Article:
“When you look at Mr. Bunch, and you look at the amount,” Sunday said, “that clearly is a major dealer.”
During a search, police seized 6,320 fentanyl pills, 9 pounds of marijuana, 8 ounces of psilocybin mushrooms, and $21,000 in cash.
Through this investigation, Sunday said, it was determined that approximately over 50,000 fentanyl pills were shipped from the garage in Hanover throughout the United States. Bunch also allegedly retained fentanyl that was sold throughout York County, Sunday said.
“It’s a huge bust in terms of the impact on public safety by removing that logistics network from the system,” Sunday said.
A collaborative effort
“What we did was, we focused on this region, and put resources into it,” Sunday said.
Sunday highlighted the collaboration between Hanover Borough Police, the York County Drug Task Force, Penn Township Police, Northern York County Regional Police, and the Federal Bureau of Investigation.
The overall investigation had “a material impact” on drug activity in the southwestern region of York County, Sunday said.
Hanover Borough Police Chief Chad Martin described the cooperation of these agencies as vital to help smaller, local agencies like Hanover keep up to date with challenges such as the dark web.
“It’s tough for the smaller agencies to stay on top of continuing trends day in and day out,” said Martin.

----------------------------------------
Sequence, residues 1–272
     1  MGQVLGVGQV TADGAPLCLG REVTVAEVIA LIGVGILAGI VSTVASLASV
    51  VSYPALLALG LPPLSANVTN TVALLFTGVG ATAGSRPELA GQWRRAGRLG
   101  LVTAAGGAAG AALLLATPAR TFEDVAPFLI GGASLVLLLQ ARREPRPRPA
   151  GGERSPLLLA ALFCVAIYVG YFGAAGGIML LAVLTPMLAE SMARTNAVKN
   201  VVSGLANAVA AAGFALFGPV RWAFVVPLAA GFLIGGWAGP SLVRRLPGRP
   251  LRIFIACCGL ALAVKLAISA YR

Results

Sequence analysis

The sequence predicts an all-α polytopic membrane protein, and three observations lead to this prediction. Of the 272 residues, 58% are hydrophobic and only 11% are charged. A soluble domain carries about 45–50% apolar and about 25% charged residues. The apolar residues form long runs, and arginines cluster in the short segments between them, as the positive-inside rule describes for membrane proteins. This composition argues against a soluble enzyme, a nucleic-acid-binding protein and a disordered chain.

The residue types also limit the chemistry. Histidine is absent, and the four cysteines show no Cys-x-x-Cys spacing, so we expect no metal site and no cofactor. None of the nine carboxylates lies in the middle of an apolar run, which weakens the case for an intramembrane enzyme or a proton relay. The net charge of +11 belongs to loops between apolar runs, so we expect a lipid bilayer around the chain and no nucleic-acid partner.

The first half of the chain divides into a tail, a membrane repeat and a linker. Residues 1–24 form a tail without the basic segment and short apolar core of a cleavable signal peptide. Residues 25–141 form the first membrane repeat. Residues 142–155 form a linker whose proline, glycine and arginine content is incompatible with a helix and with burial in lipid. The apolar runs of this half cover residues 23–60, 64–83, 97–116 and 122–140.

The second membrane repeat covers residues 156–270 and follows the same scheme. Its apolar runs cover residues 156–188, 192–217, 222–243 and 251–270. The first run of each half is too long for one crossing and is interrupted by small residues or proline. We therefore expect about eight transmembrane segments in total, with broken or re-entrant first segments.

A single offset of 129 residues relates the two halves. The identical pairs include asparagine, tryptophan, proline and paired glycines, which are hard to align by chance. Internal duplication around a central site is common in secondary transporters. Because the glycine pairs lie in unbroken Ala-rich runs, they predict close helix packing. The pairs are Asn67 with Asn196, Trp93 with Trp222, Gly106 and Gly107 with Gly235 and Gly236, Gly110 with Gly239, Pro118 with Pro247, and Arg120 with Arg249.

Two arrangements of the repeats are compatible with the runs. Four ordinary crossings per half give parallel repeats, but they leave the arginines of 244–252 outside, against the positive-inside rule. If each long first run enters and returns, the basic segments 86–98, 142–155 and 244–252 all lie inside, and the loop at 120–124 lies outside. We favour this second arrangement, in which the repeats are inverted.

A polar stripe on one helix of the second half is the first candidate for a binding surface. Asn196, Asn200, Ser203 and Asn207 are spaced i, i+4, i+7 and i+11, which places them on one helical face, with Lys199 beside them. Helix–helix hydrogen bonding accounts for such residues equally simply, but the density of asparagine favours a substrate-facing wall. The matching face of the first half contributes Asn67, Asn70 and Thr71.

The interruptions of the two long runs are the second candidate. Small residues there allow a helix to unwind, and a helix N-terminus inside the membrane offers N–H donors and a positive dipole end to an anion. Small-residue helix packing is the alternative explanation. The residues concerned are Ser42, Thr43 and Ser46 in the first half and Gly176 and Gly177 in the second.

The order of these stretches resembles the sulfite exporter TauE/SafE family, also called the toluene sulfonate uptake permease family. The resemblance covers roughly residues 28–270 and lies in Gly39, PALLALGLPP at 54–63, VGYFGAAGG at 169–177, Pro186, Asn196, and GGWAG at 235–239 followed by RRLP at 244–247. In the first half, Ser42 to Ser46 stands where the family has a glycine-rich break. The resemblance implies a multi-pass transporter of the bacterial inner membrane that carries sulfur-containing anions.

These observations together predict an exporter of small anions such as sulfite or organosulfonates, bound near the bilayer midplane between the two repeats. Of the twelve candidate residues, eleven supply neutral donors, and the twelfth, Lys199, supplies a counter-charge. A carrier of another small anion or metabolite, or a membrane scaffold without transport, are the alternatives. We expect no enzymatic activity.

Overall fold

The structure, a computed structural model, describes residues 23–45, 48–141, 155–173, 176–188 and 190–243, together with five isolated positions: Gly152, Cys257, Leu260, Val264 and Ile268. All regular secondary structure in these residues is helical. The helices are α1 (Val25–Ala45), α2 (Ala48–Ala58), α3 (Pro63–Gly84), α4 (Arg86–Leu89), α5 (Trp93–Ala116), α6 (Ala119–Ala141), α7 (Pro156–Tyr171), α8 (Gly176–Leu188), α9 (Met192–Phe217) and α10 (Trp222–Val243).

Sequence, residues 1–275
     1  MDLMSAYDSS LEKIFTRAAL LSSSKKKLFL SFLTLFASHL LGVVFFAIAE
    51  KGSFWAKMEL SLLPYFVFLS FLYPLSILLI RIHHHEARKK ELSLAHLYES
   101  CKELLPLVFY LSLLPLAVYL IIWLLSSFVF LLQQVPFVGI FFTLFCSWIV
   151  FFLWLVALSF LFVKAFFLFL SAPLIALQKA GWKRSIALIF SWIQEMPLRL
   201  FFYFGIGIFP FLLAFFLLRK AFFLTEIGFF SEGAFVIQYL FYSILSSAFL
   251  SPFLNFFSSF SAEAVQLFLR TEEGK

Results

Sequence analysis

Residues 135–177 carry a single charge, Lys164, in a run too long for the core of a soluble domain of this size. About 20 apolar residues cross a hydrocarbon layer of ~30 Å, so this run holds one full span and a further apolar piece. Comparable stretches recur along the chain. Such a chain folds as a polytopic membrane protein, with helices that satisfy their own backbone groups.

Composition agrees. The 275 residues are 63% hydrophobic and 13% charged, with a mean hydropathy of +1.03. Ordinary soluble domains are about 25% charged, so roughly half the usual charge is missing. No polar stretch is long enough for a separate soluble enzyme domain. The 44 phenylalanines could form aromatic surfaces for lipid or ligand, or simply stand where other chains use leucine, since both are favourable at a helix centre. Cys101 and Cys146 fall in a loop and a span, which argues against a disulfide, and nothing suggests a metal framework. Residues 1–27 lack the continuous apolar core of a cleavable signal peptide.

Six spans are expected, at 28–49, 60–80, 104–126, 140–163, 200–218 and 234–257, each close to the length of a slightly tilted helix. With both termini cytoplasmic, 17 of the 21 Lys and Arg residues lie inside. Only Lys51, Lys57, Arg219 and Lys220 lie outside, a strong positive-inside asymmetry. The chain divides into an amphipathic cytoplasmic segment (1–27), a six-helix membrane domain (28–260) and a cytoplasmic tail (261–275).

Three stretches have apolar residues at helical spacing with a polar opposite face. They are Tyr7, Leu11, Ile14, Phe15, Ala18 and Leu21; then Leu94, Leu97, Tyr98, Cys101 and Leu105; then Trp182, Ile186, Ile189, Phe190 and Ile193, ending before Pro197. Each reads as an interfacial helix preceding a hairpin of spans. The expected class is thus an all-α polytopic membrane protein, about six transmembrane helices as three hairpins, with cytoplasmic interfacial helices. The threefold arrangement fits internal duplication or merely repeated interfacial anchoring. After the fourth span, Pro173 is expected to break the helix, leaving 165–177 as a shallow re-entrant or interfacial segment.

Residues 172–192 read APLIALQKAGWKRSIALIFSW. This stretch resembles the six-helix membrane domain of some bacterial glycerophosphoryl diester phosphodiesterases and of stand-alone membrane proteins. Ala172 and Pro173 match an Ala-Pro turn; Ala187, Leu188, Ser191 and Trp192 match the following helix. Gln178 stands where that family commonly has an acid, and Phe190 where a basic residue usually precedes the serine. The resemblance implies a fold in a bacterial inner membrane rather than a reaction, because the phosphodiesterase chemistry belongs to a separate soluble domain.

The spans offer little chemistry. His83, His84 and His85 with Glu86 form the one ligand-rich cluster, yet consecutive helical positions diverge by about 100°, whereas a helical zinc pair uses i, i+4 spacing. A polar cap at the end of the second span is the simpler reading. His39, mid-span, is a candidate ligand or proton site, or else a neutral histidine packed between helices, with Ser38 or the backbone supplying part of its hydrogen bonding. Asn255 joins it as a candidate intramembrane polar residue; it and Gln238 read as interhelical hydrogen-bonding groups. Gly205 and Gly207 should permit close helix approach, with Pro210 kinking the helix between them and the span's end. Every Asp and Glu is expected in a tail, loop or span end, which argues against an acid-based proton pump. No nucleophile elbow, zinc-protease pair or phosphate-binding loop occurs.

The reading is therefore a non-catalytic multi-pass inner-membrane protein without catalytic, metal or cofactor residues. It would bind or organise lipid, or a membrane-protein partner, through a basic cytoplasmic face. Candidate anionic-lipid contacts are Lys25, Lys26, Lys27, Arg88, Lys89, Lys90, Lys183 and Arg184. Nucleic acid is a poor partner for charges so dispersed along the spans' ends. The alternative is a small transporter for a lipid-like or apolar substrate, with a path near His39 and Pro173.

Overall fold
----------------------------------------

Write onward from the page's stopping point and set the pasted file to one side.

Martin said the dark web adds a new context to drug investigations and makes it harder for officers to track where drugs are coming from or where they’re going when they get sent across the United States.
“The drug trade has no boundaries,” Martin said, “it affects more than just Hanover Borough.”
Martin asked those present to imagine how the families of overdose victims must feel.
“One death is too many deaths,” said Martin.
“We realize there is a problem, and we’re not going to tolerate it.”
A list of the 37 people arrested
Billy Austin Norris, 51, Gettysburg
Frederick M. Hess Jr., 49, Hanover
Amy Beth Wolf, 33, Hanover
Bradley Raymond Stoner, aka Cupcake, 59, Frederick, Md.
Staci Ada Hawkins, 34, Hanover
Darnell Harris, aka Packey, 41, York
Amber Lauren Hall, 33, Hanover
Todd Chenoweth, 39, Hanover
Tony Allen Wagner, 57, Hanover
Wendy Hake, 61, York
Andrea Carole Cullison, 52
Terry Scott, 62
Jerrelle Louisa Blanson, 33, aka Lou
Peter D. Goines Jr., 36, aka Gunz, Hanover
Shayne Lee Calp, 35, York
Carlos Lorenzo Cotton, aka Los, 47, New Oxford
Geoffrey Odan Davis, 37, aka G, 37, York
Robert Allen Bullock, 58, Hanover
Stephen Douglas Riley, 37, Hanover
Robin Marie Bartgis, 39, Philadelphia
Diane Dean, 61, Hanover
Kelly Marie Marion, 63, Hanover
John Pierre Demoss, 44, Hanover
Savaughn Omar Salisbury, 21, aka S, Hanover
Derrick Ulysses Dykes, 35, aka Dizz, Darby
Bryan T. Bradley, 20, Hanover
Desean Alexander Williams, aka Trife, 29, Hanover
Terell Lee Smith, 33, Shippensburg
Joseph Allen Morse, 28, Hanover
Iroc Shane Bunch, 23, York
Brittany Rose Rasnake, 29, Hanover
Donald Aaron Almstrom, 46, Hanover
David Aaron Sanders, 38, Baltimore
Gary Montez Washington, 40, Baltimore
Aaron Michael Hull, 23, Hanover
Nelfry Luis German-Almanzar, 32, aka Primo or Nephew, Hanover
Maurice Bray, 28, Hanover